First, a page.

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Adjustment to Cancer: Anxiety and Distress (PDQ®): Supportive care - Patient Information [NCI] - Normal Adjustment

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Learning that the cancer has come back

Sometimes cancer comes back and does not get better with treatment. The treatment plan then changes from one that is meant to cure the cancer to one that gives comfort and relieves symptoms. This may cause great anxiety for the patient. The patient may feel shock and be unable to believe it at first. This may be followed by a period of distress such as depression, trouble focusing, and being unable to stop thinking about death. Signs of normal adjustment include:

  • Times of sadness and crying.
  • Feelings of anger at God or other higher power.
  • Times of pulling away from others and wanting to be alone.
  • Thoughts of giving up.

Patients slowly adjust to the return of cancer. They stop expecting to be cured of cancer and begin a different kind of healing. This healing is a process of becoming whole again by changing one's life in many ways when faced with the possibility of death. It is very important that patients keep up hope while they adjust to the return of cancer. Some patients keep up hope through their spirituality or religious beliefs. (See the PDQ summary on Spirituality in Cancer Care for more information.)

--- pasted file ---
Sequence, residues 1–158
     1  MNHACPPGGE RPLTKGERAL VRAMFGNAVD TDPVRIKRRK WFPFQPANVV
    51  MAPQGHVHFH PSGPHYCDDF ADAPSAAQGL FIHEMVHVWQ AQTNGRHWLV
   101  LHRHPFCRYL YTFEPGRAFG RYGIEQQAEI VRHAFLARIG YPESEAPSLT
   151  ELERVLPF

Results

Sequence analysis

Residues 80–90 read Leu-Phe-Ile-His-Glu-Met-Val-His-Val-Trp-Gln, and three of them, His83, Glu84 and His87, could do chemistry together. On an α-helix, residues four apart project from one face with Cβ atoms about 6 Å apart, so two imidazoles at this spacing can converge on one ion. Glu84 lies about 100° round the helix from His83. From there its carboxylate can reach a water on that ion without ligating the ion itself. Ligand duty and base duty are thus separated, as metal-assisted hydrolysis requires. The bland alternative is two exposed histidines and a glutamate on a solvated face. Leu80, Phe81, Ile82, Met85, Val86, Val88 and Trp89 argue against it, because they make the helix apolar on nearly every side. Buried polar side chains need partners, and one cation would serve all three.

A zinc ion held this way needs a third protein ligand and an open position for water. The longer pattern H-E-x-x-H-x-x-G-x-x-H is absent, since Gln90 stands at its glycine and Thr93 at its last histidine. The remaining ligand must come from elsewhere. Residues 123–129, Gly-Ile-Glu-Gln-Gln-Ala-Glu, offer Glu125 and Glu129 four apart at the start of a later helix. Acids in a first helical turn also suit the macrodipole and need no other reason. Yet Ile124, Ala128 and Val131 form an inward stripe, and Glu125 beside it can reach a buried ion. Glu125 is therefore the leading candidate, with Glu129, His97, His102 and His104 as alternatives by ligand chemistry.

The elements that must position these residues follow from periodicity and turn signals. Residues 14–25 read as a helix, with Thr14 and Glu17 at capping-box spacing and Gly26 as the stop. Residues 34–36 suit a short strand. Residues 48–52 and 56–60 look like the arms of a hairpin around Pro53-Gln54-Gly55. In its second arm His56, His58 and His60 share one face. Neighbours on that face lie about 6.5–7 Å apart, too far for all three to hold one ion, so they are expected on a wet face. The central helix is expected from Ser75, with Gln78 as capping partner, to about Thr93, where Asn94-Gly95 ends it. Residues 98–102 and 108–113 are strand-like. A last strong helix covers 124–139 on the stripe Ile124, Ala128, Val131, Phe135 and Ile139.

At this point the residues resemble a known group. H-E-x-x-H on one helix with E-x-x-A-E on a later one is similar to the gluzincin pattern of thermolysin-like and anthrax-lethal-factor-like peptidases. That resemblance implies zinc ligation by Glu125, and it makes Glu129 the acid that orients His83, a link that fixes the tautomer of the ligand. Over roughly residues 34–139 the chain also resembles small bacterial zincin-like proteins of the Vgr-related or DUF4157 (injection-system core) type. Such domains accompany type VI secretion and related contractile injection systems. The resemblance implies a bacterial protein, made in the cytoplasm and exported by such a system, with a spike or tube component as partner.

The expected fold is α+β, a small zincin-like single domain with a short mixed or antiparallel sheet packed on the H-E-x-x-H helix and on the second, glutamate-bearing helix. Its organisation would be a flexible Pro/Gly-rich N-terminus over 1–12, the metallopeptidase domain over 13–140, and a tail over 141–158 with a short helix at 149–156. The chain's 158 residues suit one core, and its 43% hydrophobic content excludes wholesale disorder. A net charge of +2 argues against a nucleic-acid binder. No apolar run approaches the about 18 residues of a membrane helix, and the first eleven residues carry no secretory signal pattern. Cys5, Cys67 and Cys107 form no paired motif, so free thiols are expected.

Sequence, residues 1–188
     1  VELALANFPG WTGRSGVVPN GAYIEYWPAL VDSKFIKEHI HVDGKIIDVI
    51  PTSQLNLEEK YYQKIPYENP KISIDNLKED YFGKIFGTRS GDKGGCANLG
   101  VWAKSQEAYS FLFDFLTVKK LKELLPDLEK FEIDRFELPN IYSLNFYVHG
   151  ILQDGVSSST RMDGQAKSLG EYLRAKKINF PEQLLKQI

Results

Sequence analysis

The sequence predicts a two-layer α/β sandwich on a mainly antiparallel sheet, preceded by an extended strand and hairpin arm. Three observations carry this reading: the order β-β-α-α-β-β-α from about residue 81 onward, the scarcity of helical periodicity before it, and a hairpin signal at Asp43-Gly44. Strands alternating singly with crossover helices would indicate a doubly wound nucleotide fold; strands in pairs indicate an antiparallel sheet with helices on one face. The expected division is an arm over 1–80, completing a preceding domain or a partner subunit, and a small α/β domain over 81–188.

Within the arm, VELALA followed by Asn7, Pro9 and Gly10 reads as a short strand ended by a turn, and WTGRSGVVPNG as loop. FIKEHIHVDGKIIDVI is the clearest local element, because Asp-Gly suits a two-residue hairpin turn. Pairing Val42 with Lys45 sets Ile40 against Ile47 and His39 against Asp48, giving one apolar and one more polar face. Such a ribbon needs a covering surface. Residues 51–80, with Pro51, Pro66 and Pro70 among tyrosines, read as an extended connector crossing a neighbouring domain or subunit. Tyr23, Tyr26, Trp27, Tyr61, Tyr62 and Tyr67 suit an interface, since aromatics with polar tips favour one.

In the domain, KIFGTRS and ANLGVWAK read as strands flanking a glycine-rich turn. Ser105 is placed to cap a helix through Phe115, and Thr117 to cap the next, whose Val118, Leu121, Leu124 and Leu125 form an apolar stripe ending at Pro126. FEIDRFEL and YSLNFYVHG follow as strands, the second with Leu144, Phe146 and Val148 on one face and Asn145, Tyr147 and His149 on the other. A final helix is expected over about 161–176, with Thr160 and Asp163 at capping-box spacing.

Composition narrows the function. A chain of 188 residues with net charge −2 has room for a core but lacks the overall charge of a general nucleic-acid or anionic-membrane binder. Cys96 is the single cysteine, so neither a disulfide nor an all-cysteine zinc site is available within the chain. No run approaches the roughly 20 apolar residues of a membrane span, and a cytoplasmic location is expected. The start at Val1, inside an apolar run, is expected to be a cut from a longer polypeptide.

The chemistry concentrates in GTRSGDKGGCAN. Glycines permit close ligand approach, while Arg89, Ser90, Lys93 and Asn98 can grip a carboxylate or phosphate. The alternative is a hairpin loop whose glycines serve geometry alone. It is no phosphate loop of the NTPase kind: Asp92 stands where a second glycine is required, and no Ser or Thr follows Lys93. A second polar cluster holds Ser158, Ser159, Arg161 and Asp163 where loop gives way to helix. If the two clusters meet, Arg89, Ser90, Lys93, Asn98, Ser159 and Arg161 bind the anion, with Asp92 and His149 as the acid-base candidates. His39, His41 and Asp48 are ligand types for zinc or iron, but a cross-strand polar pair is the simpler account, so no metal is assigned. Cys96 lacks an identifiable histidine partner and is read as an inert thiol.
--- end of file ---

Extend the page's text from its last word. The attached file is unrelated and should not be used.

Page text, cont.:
Becoming a cancer survivor

Patients adjust to finishing cancer treatment and being long-term cancer survivors over many years. As treatments for cancer have gotten better, cancer has become a chronic disease for some patients. Some common problems reported by cancer survivors as they face the future include:

  • Feeling anxious that the cancer will come back.
  • Feeling a loss of control.
  • Reminders of chemotherapy (such as smells or sights) that cause anxiety and nausea.
  • Symptoms of post-traumatic stress, such as being unable to stop thinking about cancer or its treatment or feeling separate from others and alone.
  • Concerns about body image and sexuality.

Most patients adjust well and some even say that surviving cancer has given them a greater appreciation of life, helped them understand what is most important in their life, and stronger spiritual or religious beliefs.

Some patients may have more trouble adjusting because of medical problems, fewer friends and family members to give support, money problems, or mental health problems not related to the cancer.

This information is produced and provided by the National Cancer Institute (NCI). The information in this topic may have changed since it was written. For the most current information, contact the National Cancer Institute via the Internet web site at http:// cancer .gov or call 1-800-4-CANCER.

WebMD Public Information from the National Cancer Institute

Last Updated: September 04, 2014
This information is not intended to replace the advice of a doctor. Healthwise disclaims any liability for the decisions you make based on this information.
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